Our Senior Communications Strategist Peter Trevaskis writes on the reputational risks of mishandling and mismanaging cyber security risks for businesses.
What do Canadian mariners, the country of Sweden and Sydney’s police force have in common? Unable to draw even the most random of links, I’ll just let you know they’ve all committed to creating dedicated cyber security centres in the past few weeks, a point that highlights the growing breadth of a largely invisible, but very real issue facing us all.
So, while Canadians develop cyber security solutions for their maritime industry, Swedes aim to stop a repeat of cyber attacks that targeted its major corporations in 2020, and the NSW Government looks to better equip its police to deal with the issue, cyber threats are not just the domain of large industry, governments and law-enforcement.
Last March, when we were all forced to work from home in a rush and started meeting via the little cameras in our devices, our main thought was how to conceal the junk piled up behind us, or to make sure we weren’t on mute. However, the need to adapt and find digital solutions to everyday tasks also presented an opportunity for those with sinister intentions to take advantage of vulnerabilities created by the impacts of COVID.
Cyber security breaches and hacking aren’t new (as any fan of 1983’s WarGames will tell you), however an increasingly inter-connected and automated world means there are more access points to secure, more passwords to remember, and while fingerprint verification and two-step authentication ensures your mobile phone and favourite app can’t be accessed easily, COVID is creating much larger problems for individuals and organisations.
Many businesses and even whole sectors report an increase in productivity among the many benefits of remote working during the pandemic – the ease with which Melbourne office workers moved back to remote working during this week’s ‘circuit breaker’ is another – however these benefits have been at the sacrifice of firewalls and secure network connections, benefits historically found working in a traditional ‘office’ environment.
As workplaces continue to plug security gaps, upgrade protocols and turn the COVID quick fixes from last March into full-time solutions, additional threats continue like phishing attacks and data breaches from unknown origins. These breaches are occurring on an increasingly regular basis and even those organisations (as well as mariners, governments and police forces) who take the necessary precautions aren’t immune.
Malicious emails containing malware that look like a legitimate link from finance, or a request to open an attached document sent from someone with the same name as your manager or colleague are becoming commonplace. If you’re someone with a busy inbox, it can be easy to miss the increasingly subtle details that the request, or its origin, aren’t what they appear to be.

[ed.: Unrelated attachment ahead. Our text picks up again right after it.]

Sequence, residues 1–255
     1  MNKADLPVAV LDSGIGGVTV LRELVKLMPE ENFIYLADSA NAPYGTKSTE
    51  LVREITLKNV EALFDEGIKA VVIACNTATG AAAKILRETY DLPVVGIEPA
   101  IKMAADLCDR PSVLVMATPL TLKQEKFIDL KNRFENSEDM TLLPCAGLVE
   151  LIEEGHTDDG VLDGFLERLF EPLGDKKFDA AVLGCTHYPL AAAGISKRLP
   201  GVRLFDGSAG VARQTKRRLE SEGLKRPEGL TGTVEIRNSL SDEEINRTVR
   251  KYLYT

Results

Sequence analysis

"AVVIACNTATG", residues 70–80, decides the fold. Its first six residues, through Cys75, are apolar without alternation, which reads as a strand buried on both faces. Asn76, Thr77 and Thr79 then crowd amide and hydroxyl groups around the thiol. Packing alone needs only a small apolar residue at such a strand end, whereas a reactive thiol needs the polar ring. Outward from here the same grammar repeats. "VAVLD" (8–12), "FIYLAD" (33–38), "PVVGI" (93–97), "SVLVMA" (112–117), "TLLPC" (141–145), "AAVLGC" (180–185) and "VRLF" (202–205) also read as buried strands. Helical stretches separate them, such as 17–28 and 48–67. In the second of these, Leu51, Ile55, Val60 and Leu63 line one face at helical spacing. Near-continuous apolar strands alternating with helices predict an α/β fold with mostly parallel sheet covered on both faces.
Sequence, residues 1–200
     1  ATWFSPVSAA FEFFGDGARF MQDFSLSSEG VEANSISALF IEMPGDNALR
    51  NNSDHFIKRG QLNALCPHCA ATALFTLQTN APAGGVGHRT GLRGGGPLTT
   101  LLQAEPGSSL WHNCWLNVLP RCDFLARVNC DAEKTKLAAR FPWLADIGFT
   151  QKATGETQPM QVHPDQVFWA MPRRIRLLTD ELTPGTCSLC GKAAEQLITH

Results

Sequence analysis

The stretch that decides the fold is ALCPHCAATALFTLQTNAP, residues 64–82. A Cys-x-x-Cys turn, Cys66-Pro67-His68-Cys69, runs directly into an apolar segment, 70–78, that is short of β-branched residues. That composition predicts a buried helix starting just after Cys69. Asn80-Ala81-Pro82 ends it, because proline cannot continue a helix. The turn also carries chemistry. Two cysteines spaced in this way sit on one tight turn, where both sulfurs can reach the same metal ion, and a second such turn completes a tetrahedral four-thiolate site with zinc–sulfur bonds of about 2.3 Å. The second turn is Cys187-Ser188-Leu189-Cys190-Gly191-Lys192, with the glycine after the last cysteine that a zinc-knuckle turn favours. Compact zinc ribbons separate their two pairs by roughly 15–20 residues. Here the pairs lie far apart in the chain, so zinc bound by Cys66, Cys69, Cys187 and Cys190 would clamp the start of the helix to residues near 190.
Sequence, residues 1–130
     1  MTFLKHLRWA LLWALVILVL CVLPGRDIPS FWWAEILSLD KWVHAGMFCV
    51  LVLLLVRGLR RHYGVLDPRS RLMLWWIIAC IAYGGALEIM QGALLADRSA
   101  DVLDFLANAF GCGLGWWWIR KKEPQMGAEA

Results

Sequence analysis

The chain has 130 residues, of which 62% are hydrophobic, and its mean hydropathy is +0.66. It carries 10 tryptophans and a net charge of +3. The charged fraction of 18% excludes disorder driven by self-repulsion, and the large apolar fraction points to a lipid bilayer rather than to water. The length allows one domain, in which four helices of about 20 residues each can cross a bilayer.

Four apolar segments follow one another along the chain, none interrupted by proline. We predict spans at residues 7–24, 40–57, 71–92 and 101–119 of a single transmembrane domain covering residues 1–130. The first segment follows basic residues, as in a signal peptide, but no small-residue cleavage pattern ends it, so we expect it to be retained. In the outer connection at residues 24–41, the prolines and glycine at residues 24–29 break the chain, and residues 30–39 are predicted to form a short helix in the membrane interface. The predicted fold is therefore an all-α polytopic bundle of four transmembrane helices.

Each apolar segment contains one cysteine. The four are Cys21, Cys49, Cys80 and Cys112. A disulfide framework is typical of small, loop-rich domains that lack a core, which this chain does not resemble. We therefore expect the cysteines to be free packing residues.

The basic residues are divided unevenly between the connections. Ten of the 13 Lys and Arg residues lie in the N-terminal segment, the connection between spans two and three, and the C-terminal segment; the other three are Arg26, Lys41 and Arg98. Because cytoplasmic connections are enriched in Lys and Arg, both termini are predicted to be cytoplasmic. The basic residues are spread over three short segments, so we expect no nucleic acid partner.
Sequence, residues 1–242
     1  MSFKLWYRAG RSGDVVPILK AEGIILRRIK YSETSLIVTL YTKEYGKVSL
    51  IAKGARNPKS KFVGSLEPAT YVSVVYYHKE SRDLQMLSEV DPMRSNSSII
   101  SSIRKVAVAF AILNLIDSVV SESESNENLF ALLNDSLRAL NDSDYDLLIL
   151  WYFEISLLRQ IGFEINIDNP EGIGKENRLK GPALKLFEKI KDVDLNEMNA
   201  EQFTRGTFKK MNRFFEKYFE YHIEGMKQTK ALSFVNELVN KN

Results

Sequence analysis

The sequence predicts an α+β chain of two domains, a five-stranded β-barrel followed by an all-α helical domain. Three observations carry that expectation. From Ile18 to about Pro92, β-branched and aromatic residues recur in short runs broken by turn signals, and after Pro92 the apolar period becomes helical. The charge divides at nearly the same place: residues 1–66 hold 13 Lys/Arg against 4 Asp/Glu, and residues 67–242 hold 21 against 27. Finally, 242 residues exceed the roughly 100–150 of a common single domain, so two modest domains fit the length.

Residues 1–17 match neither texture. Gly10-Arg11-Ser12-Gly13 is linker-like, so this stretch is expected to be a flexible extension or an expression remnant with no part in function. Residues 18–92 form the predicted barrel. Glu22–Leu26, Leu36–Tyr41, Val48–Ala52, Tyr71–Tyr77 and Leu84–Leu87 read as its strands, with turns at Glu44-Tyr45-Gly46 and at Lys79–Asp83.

Similarly, organisations that store large amounts of personal and financial information, whether in the cloud or on servers, walk a narrowing tightrope as they balance the need for ‘access anywhere’ information with the requirement to ensure private customer, patient or user information remains just that, private.
In addition to the impacts on your staff, customers or patients whose data is accessed – which depending on what data this is, can be incredibly distressing for them – data breaches can also cause significant reputation damage for your organisation.
Because of how prolific cyber attacks are, your organisation is unlikely to be judged on the attack itself. What you will be judged on is how you managed and responded to the situation. This is where your reputation is most at risk. Your staff, customers and stakeholders will want to know:
- if your operations are impacted – when will they be back up and running?
- were your systems and processes up to date
- how long it took you to identify and respond to the attack
- how quickly you let people know their information may have been accessed
- what you have done to prevent this from happening again
- what support is in place to help people impacted by the attack?
While the focus on preventing cyber security issues is constant and becomes a more prominent discussion when larger breaches occur, there is rightly a focus on technology, software and educating staff. However, there must also be preparations to plan for attacks and data breaches to mitigate their risks and ensure the right people know what to do if, or when, the time comes.
If you think you or your business needs to prepare for the ‘what if’ should a cyber security issue occur, or you’re in an industry where storing and handling personal or sensitive data is a daily occurrence, feel free to reach out for a chat and to see how the team at Bastion Reputation can help prepare you to communicate the worst-case scenario so you can get on with doing what you do best.